# Significant Figures in functions

How to extend the idea of significant figures to operations like $$\sin\theta$$, $$\log x$$, $$\sqrt{x}$$, $$\cos^{-1} x$$, $$e^x$$ etc. Is there a general rule or method to find/define the no. of significant figures for any given operation?

• I'm aware that significant figures is well defined for addition, subtraction, multiplication & division. Commented Mar 28, 2020 at 11:18

In the end it always comes down to error estimation. Significant figures are the ones not affected by your estimated error I would say.

The most basic tool for estimating the error of a function which you feed a value for which you know the error is (Gaussian-) error propagation (small errors).

$$z = f(x,y)$$

$$\Delta z_i|_{x_i, y_i} = \sqrt{(\frac{\partial f}{\partial x}|_{x_i,y_i} \Delta x_i)^2 + (\frac{\partial f}{\partial y}|_{x_i,y_i} \Delta y_i)^2},$$ where the index $$i$$ marks a given set of measured values and respective errors marked by $$\Delta$$.

Example: You measured the current $$I = (0.55 \pm 0.01)\,\text{A}$$ and the voltage $$U = (4.32 \pm 0.05) \, \text{V}$$. The uncertainties may come from the manual of your measurement equipment. Now you want to know the resistance of the load using $$R = f(I,U) = \frac{U}{I} \approx 7.8545$$. First you take the derivatives: $$\frac{\partial R}{\partial I} = -\frac{U}{I^2}$$ and $$\frac{\partial R}{\partial U} = \frac{1}{I}$$ and plug them into the formula: $$\Delta R = \sqrt{\left(-\frac{4.32 \, \text{V}}{(0.55 \, \text{A})^2} 0.01 \, \text{A}\right)^2 + \left(\frac{1}{0.55 \, \text{A}} 0.05 \, \text{V}\right)^2} \approx 0.169 \, \Omega$$ As this kind of error estimation is rather rough, I would always only take one significant number for it and alway round up error estimates. Therefore we take $$\Delta R = 0.2 \, \Omega$$. As our error is in the first decimal place, everything after the first decimal place is not significant. Therefore we would write the result as $$R = (7.9 \pm 0.2) \, \Omega$$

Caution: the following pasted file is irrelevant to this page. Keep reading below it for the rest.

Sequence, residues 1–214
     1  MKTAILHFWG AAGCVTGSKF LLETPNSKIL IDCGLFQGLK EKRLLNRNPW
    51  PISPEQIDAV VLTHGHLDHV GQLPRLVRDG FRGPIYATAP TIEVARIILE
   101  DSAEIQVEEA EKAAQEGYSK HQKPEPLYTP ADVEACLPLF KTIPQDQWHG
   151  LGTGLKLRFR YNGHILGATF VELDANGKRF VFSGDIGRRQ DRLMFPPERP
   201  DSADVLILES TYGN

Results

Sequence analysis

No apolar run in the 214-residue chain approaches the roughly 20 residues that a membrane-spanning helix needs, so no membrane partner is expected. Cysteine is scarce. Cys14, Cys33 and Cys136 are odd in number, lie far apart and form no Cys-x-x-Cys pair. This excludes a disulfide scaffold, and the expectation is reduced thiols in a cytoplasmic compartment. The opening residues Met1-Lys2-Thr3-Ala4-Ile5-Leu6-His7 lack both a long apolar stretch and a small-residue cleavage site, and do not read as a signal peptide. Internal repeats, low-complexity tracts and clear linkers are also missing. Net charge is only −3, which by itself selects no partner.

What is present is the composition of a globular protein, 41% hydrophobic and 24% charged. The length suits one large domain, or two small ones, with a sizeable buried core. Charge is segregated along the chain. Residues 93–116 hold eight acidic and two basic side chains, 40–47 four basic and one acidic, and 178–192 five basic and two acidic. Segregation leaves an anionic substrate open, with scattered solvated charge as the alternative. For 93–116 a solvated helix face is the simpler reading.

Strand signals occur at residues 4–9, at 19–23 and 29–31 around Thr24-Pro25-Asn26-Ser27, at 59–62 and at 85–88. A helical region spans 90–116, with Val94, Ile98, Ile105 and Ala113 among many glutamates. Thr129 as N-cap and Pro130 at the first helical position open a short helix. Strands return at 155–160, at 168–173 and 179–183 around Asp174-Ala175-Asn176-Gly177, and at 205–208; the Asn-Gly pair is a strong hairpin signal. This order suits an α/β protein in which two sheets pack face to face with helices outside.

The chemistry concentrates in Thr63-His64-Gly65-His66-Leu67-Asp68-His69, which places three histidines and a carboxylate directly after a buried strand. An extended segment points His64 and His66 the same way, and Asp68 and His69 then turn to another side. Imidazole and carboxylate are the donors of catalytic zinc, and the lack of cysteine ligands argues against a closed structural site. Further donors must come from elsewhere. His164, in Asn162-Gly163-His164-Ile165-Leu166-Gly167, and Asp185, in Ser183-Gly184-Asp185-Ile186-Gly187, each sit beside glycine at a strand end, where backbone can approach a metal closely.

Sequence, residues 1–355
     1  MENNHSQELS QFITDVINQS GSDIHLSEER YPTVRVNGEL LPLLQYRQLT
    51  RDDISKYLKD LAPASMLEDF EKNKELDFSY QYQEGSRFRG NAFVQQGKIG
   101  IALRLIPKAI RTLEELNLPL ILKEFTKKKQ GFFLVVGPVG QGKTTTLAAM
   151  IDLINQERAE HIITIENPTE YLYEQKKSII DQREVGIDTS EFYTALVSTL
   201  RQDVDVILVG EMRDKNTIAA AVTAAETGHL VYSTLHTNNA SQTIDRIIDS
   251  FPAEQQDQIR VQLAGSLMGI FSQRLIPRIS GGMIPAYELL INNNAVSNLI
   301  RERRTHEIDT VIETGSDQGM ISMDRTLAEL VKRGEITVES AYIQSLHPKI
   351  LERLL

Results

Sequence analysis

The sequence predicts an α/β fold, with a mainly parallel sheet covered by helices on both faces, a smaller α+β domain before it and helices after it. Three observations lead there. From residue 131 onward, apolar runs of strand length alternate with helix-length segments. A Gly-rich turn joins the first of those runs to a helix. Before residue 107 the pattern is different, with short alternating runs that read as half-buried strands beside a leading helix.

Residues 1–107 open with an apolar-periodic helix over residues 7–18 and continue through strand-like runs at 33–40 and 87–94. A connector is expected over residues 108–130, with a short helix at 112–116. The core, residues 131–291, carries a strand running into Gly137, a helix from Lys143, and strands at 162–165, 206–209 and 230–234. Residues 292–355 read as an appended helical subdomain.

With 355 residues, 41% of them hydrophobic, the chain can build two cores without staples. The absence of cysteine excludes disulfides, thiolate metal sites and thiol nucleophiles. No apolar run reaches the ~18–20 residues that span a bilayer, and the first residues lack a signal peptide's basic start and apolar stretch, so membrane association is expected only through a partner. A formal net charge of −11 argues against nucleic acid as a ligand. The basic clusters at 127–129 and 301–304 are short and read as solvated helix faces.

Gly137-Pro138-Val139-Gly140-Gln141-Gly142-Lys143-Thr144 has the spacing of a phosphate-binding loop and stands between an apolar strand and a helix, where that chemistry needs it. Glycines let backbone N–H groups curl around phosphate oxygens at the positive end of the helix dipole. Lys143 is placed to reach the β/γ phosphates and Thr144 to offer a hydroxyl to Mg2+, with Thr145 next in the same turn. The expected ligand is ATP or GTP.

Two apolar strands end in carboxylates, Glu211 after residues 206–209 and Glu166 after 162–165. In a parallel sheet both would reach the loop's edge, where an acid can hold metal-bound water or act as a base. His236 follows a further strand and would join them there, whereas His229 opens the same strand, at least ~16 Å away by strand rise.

If you have not only a value and an error, but data which gives you value and error as mean and standard error, one would just calculate the function on the data and take mean and standard error afterwards.

For a more advanced analysis in the case of not having that data one could for example use a parametric bootstrap. This may be needed if your errors are not "small" compared to the measurement value or if you have a reason to believe that your data is not normal-distributed.

• Can you demonstrate with an example, how to use it or may be point to resource online ? Commented Apr 1, 2020 at 0:21
• For further reading take for example the Wikipedia article named "Propagation of Uncertainty" Commented Apr 1, 2020 at 10:42
• I was thinking, If you would always take only one significant figure, then even if you make more precise measurements, you will end up with only one significant figure. So more precise measurements won't have any significance here. How do you deal with this? Commented Apr 23, 2020 at 16:47